Uber has now lost court cases in the UK and the Netherlands regarding drivers' rights
The Hague (AFP) - A Dutch court ruled on Monday that Uber drivers in the Netherlands are effectively under an employment contract, in a fresh blow for the US ride-hailing giant’s gig-economy model.
The judgment, in a case brought by a Dutch union, comes months after a similar UK court ruling on Uber drivers’ rights led to the San Francisco-based firm agreeing a world-first union deal in Britain.
“The legal relationship between Uber and these drivers meets all the characteristics of an employment contract,” and drivers are covered by a collective labour agreement for taxi drivers, the Amsterdam District Court said in a statement.
“This means that Uber is obligated to institute a labour contract with drivers… and therefore means these drivers are entitled to backpay in certain circumstances,” the court said.
The umbrella Dutch labour union FNV dragged Uber to court in December, saying that taxi drivers and the company shared a labour agreement and Uber drivers often earned less than the minimum wage.
The judges also ordered Uber to pay 50,000 ($59,000) in damages to the FNV for not adhering to a collective labour agreement.
Uber, which insists it simply provides a technical platform to link independent drivers and customers, said it would appeal the ruling.
“We are disappointed with this decision because we know that the overwhelming majority of drivers wish to remain independent,” Maurits Schoenfeld, Uber’s Northern Europe general manager, said in a statement emailed to AFP.
“Drivers don’t want to give up their freedom to choose if, when and where to work,” Schoenfeld said.
- Legal battles -
In court papers, Uber said: “A vastly diverse group of more than 10,000 drivers could not be turned into employees all at once.”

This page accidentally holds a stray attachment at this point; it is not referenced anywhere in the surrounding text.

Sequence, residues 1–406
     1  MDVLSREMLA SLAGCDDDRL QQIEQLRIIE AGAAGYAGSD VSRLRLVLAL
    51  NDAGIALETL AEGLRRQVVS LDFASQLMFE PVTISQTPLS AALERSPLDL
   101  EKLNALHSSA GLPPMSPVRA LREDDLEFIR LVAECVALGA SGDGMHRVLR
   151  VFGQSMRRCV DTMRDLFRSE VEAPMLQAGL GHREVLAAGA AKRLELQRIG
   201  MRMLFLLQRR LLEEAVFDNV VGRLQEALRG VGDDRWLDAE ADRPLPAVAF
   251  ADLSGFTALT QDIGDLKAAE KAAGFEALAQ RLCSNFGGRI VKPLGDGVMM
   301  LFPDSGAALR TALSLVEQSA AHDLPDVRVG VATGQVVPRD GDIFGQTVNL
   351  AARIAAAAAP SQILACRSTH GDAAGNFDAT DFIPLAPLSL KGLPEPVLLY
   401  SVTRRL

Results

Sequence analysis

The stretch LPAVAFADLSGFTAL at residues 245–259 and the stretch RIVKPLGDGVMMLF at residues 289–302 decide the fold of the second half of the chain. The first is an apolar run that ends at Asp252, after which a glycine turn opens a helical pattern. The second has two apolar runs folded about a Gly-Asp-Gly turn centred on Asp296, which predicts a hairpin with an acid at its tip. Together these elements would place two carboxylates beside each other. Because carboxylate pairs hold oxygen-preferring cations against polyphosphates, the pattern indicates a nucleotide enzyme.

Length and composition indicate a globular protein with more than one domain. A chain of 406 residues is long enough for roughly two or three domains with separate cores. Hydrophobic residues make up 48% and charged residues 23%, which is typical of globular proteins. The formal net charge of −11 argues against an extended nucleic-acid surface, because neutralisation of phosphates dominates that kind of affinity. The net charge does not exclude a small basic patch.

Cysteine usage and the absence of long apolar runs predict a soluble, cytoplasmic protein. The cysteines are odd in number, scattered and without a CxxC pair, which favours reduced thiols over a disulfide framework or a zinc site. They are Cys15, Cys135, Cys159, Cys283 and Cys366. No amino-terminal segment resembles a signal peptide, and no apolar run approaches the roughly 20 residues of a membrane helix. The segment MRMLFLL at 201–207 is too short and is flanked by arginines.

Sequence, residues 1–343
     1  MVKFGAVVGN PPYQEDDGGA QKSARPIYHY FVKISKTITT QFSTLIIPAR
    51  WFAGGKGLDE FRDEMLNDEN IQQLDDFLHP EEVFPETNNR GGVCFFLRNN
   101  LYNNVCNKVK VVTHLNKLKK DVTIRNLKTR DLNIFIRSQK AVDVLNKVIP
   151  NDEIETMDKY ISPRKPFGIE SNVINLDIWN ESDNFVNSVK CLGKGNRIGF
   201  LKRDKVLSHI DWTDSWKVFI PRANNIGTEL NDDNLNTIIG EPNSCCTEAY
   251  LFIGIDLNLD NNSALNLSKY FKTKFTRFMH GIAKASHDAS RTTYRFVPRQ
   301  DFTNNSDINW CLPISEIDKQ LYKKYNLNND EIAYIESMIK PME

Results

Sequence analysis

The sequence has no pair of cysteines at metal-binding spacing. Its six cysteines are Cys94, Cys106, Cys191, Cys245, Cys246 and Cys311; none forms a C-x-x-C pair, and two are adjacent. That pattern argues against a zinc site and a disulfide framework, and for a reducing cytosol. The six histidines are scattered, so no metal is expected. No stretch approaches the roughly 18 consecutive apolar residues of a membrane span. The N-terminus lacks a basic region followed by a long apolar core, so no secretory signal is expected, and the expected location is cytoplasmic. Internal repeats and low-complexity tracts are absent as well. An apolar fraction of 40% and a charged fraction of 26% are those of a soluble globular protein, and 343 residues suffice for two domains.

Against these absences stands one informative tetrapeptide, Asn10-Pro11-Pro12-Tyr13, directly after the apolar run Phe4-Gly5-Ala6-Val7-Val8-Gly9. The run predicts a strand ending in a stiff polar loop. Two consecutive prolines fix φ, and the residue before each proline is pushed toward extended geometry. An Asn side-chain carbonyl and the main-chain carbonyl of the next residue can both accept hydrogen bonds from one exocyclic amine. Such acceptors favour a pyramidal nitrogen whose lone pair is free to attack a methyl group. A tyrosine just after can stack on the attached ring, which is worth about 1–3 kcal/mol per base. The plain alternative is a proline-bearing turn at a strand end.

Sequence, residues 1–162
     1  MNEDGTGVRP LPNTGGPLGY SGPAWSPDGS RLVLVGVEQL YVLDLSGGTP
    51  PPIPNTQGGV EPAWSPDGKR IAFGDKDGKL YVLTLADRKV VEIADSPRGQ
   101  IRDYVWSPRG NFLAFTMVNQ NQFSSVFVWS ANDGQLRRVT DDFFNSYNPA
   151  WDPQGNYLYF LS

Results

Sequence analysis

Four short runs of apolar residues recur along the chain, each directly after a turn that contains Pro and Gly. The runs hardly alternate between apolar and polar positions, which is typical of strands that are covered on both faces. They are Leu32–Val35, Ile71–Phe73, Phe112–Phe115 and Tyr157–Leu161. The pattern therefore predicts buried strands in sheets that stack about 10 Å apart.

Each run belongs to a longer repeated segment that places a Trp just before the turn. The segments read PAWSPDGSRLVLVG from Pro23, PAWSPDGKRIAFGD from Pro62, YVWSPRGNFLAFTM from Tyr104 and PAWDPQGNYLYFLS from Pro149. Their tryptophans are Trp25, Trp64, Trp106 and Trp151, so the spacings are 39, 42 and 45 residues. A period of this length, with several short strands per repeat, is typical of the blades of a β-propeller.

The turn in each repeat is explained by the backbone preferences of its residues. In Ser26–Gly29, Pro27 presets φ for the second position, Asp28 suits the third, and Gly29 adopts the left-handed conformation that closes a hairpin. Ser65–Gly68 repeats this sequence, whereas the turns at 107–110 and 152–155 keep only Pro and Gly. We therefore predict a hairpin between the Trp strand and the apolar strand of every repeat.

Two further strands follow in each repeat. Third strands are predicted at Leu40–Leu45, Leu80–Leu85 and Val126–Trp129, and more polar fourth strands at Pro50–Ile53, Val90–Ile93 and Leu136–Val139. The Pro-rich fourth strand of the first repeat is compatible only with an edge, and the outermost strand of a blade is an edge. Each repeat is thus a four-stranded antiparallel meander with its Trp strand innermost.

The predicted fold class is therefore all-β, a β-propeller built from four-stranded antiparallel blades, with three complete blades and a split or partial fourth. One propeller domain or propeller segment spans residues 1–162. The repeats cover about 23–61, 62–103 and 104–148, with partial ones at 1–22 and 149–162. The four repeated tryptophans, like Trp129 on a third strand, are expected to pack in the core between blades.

A rapidly growing business, there were more than 5,200 Uber drivers in Amsterdam alone by the end of 2019, according to study by Maastricht University.
Uber in March in a world first said it was granting its UK drivers worker status, with benefits including a minimum wage, following a Supreme Court ruling.
But elsewhere it has strongly resisted such a sea change in its business model, arguing that its drivers are self-employed freelancers.
In California, a voter-approved referendum that lets many “gig workers” be treated as independent contractors was ruled unconstitutional in August.
The labour legislation – heavily backed by Uber, Lyft and other app-based, on demand services – had effectively overturned a California law requiring them to reclassify their drivers and provide employee benefits.
Yet, a Californian superior court said the law violated the state’s Constitution because it “limits the power of a… legislature to define app-based drivers as workers subject to workers’ compensation law.”
Uber has also faced strong resistance from traditional taxi services.
A French court on Friday ordered Uber to pay damages to taxi drivers whose business suffered from unlicensed competitors.
Uber in August reported a profit of $1.1 billion (931 million euros) in the second quarter and said its pandemic-stalled business was showing signs of recovery.